XXX XXX XXX XXX (k) that the tenant has, whether before or after the commencement of this 'Caused or permitted to be caused substantial damage to the premises, or notwithstanding previous notice has used or dealt with the premises in a manner contrary to any condition imposed on the landlord by the Government or the Delhi Improvement Trust while giving him a lease of this land on which the premises are situated'.

4. The Supreme Court in construing the above provisions and similar provisions in the 1958 Act has observed in paragraph 7 at page 1577 of the judgment that:

'It will be seen that Section 114-A gives power to Court to give relief to the tenant against forfeiture where it holds that the landlord did not give reasonable time to the tenant to remedy the breach. In such case it can dismiss the suit as not maintainable. It is true that Section 114-A would not in specific terms apply to cases like the present; but eject-ment on the ground specified in Clause (k) to the proviso to Section 13(1) of the 1952-Act was somewhat analogous to forfeiture on breach of an express condition of a lease for it also required previous notice to the tenant before the suit is filed.

XXX XXX XXX We do not think that it can be said that the 1952-Act forbade the Court from granting relief where the offending structures were removed by the tenant even during the pendency of the suit for ejectment. What is reasonable time within which the breach should be remedied is always a question of fact and we think it could have been possible for the Courtin a suit based on Clause (k) of the proviso to Section 13(1) to give relief against forfeiture in proper case where the tenant had removed the offending structure before the suit was filed or even during the pendency of the suit if reasonable time was not allowed in the notice contemplated by Clause (k) of the proviso to Section 13(1).'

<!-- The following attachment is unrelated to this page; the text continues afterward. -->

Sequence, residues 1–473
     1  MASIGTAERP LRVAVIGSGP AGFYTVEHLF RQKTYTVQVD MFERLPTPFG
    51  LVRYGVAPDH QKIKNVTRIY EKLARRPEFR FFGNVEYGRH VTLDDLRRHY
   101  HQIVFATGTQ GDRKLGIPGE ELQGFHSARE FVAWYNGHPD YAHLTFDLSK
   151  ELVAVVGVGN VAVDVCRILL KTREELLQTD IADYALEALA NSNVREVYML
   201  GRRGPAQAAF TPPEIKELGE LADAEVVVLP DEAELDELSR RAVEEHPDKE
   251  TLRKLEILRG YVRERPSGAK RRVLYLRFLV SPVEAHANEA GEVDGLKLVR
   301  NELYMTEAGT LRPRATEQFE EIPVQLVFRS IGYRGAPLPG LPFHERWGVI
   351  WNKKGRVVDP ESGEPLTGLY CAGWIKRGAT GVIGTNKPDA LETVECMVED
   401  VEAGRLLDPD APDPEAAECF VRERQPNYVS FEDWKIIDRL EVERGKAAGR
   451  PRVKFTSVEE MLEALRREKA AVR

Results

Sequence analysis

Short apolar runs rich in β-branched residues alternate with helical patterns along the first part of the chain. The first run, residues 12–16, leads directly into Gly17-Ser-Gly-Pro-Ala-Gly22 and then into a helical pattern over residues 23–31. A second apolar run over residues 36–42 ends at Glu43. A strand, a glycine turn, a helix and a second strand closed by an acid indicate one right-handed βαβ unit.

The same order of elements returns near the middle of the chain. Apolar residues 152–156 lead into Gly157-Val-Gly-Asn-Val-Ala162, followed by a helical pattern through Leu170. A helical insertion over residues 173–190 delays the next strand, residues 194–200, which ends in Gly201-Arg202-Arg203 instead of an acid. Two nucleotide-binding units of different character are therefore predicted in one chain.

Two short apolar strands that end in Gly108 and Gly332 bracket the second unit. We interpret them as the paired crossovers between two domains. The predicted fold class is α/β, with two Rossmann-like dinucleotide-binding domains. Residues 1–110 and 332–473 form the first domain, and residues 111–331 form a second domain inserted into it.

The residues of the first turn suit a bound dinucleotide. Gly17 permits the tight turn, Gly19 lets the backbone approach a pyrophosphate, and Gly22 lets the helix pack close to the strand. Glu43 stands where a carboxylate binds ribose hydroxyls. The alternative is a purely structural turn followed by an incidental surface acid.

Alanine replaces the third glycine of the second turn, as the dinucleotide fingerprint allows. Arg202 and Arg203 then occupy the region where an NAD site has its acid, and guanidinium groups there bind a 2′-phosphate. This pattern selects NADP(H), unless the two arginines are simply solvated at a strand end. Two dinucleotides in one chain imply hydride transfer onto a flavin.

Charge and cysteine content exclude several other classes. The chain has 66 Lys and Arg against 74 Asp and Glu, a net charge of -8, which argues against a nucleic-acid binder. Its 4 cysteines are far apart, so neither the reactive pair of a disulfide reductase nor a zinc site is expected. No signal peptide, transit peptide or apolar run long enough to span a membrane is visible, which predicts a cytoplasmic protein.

5. It is clear that by reason of specific provisions of the said 1952 and 1958 Acts the Supreme Court was treating those provisions as analogous to Section 114-A of the Transfer of Property Act. 1882. We may state at once that there are not such specific provisions in the West Bengal Premises Tenancy Act, 1956. The Supreme Court itself has stated that Section 114-A would not in specific terms apply to the cases that Court was dealing with.

6. Before the Division Bench of Banerjee and B. N. Maitra, JJ reliance was placed on behalf of the respondent on the Division Bench decision of this Court in Mahasukrai Ramrichpal v. Kishori Charan Law, : AIR1977Cal122 . In this case the Division Bench has said that in case of monthly tenancies the provisions of the West Bengal Premises Tenancy Act apply and the landlord if not required to serve a notice under Sec-tion 114-A of the Transfer of Property Act before filing a suit for ejectment OP the ground of breach of clauses (m), (o) and (p) of Section 108 of the Transfer of Property Act.

7. Banerjee and B. N. Maitra, JJ. were unable to agree with the view expressed in Mahasukrai Ramrichpal's case and that is why the present Full Bench Reference has been made.

8. Before us, Mr. Mitra appearing for the appellant has relied only on Section 108(p) of the Transfer of Property Act. Let us, therefore, at the outset set out the provisions of the Transfer of Property Act and those of the West Bengal Premises Tenancy Act, 1956, with which we are directly concerned in this reference. We will first take the Transfer of Property Act, 1882. Section 108 of the Transfer of Property Act runs thus:

'108. In the absence of a contract or local usage to the contrary, the lessor and the lessee of immoveable property, as against one another, respectively, possess the rights and are subject to the liabilities mentioned in the rules next following, or such of them as are applicable to the property leased:--

(A) Rights and liabilities of the lessor

XXX XXX XXX XXX X (B) Rights and liabilities of the lessee